While most people in our modern times think of video games when playing games is mentioned, but back in the Victorian era, card games were the main form of gaming entertainment. If you are planning a Victorian style get together or Steampunk event, these Victorian card games are sure to add a splash of history to your occasion. While these games may be old and outdated in some opinions, they are the perfect idea to bring a little bit of Victorian nostalgia into these modern times and can still be a lot of fun. Here we review a few of the old card games and how to play them.
Bread and Honey
This card game dates back to 1896 and was based upon the children’s nursery rhyme of “Sing a Song of Sixpence.” The deck of cards contains a total of 53 cards including four Clowns, Queens, Maids, and Kings, along with 37 blackbirds. If several are playing, more than one deck may be used. Cards are dealt one at a time, face down in a rotation until all cards are used. When a player plays a card other than a blackbird, the next player has to play a certain number of cards depending upon what the former player’s card was. As the game progresses, the player ending up with the whole pack wins the game.
Whist is considered to be the best and most popular of the Victorian card games, combining elements of both chance and skill. It is considered to be the ancestor of the modern game of Bridge. This is a game played by four people divided into two teams of two players. The game is played with a standard 52 card deck and the object of the game is to win the most tricks. Detailed instructions and rules for playing Whist can be found here. There are also variations of Whist that can be played with either two players or three players known as Single Dummy and Double Dummy.
The card game Hearts was developed in the 1800’s and differs from Whist in that the players try not to win tricks, especially ones that contain the hearts suit. The game is ideal for four players, while it is possible for three to seven players to participate. The object is to rid yourself of all of your hearts. The game is played with a regular deck of 52 cards. The players start by taking turns laying down the leading suit, which the other players follow. If the player does not have a card in that suit, they can throw out a card from another suit, which is an opportunity to dispose of their hearts. You can find an more in-depth discussion of this game here.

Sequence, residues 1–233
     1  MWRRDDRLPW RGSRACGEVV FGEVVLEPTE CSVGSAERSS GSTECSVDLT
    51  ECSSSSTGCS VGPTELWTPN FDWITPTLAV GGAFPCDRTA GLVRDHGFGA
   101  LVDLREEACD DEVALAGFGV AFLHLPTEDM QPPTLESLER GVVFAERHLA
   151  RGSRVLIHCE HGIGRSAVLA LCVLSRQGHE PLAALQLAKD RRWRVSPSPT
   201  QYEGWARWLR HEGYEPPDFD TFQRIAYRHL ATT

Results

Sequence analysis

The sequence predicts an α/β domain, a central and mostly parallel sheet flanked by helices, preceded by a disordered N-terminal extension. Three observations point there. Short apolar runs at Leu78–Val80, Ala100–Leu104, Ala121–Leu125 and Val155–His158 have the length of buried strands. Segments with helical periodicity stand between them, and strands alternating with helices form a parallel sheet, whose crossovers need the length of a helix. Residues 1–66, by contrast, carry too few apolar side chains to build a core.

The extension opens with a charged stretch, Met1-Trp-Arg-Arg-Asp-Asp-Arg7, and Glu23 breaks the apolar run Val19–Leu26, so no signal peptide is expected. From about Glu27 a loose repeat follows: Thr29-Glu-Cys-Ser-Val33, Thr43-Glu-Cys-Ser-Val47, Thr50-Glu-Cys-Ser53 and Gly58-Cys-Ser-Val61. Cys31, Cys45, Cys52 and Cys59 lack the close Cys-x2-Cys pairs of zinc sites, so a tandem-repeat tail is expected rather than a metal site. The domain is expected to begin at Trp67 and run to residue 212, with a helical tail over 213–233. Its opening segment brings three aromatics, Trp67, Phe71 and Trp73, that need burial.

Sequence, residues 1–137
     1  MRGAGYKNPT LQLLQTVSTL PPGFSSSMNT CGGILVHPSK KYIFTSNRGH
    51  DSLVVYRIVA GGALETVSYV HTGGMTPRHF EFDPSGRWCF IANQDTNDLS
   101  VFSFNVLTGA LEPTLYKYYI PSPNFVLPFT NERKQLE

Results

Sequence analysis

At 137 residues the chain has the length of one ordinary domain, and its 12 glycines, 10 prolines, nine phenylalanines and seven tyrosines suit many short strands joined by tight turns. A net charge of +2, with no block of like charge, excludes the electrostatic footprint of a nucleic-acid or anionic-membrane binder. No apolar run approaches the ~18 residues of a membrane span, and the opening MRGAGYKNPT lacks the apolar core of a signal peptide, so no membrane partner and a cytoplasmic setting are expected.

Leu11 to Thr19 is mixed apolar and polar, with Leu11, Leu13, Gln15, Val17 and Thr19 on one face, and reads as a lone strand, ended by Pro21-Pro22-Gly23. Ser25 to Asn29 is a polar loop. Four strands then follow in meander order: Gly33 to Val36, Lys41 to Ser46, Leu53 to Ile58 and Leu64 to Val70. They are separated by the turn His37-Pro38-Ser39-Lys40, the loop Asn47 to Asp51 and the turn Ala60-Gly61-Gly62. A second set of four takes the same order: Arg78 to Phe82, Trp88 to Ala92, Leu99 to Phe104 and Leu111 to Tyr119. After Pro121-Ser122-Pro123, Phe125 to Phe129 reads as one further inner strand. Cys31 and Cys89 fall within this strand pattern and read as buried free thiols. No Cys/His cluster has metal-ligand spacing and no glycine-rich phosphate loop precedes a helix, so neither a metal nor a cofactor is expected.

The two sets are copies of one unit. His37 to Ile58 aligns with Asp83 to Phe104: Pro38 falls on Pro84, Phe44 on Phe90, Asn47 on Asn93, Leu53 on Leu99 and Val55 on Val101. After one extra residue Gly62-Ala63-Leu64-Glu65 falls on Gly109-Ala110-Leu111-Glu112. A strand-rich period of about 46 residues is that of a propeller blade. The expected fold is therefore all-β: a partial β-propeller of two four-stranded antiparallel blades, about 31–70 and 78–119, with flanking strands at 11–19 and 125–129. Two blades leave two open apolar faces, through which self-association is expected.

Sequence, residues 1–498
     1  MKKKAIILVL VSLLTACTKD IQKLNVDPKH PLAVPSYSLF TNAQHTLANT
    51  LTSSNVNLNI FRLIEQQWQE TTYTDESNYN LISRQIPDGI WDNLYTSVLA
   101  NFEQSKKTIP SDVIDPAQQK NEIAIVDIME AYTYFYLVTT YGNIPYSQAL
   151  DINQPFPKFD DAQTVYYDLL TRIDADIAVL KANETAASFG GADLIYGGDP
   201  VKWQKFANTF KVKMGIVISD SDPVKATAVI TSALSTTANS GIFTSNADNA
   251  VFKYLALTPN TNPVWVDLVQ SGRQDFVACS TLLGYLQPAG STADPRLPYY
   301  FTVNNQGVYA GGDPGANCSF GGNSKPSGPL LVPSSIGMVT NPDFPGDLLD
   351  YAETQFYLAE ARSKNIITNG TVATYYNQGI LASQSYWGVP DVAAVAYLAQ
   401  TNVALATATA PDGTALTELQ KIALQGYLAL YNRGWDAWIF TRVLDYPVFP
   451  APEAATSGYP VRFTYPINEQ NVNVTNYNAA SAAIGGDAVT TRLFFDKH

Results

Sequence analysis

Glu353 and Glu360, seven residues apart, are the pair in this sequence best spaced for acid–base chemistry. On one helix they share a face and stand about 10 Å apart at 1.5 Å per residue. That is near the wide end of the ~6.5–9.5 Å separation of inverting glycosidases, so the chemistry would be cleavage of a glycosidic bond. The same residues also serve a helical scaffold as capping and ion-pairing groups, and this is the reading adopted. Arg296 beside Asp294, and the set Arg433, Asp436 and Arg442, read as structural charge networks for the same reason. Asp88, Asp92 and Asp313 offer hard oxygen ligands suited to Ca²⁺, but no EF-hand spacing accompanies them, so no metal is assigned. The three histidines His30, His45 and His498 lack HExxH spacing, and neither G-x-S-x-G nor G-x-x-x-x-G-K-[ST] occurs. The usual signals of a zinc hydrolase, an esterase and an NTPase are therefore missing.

This is a game intended for two players that is played with a 32 card deck. Each player is dealt five cards, which one turned to determine which suit is the trump suit. The object is to win three out of five tricks, which can be from the cards that they were dealt, or the player may exchange cards that they don’t want and be dealt an equal number of new cards from the deck. More detailed instructions on how to play the game can be found here.
Popular in England from the 17th to 19th centuries, this is a game for three to eight players that use a 52 card deck. There are versions of Loo that either use three or five dealt cards. In both scenarios, the players have the opportunity to stay in or drop out of the game. Players who stay will take a proportionate share of the pot for each trick taken, but have to pay in a monetary amount that equals the pot if they fail to take any tricks. In some versions of the game, the player may choose to remain in the game and be allowed to discard some of their cards which will then be replaced with fresh cards from the undealt stack of cards. This game proved to be both a domestic pastime as well as a popular gambling game. For detailed instruction on both three card and five card Loo, follow this link.
The game of Old Maid can be played with either a regular deck of cards or those specifically made for Old Maid which feature a variety of people and the “Old Maid”. This is a game for two to eight players and the object is to not be the one left with the Old Maid card. All cards are dealt with a commercial deck, or all cards minus one queen if playing with a standard deck. When all cards are dealt, each player examines their hand for matching pairs. Each matching pair is then laid down face up in front of them. After all matching pairs are laid out, the players shuffle their remaining cards and the player to left of the dealer chooses a card from the deck of the player on their left (backs of cards visible only to the player). The player then adds the chosen card to their own deck, or if they can make a pair from it, discards the pair and adds it to the pile of other pairs. The game continues in this manner until one person is left holding the “Old Maid” card.
Snap is a fun game for kids and possibly an ideal one because it can still be played even if a few cards are missing from a deck or some cards are slightly damaged. This is a game for two or more players with the object being to win all of the other players’ cards. The game can be played using a special Snap card deck or a standard 52 card deck. Cards are dealt around the table, face down and clockwise. Players then turn one card at a time over, moving around the table. The players try to spot matching cards and yell “Snap!” when they see a match. It is important to pay attention in this fast moving game in order to be the first person to yell “Snap!” so that you get the matching pair of cards. As play continues, one person eventually ends up with all of the cards and in turn, wins the game.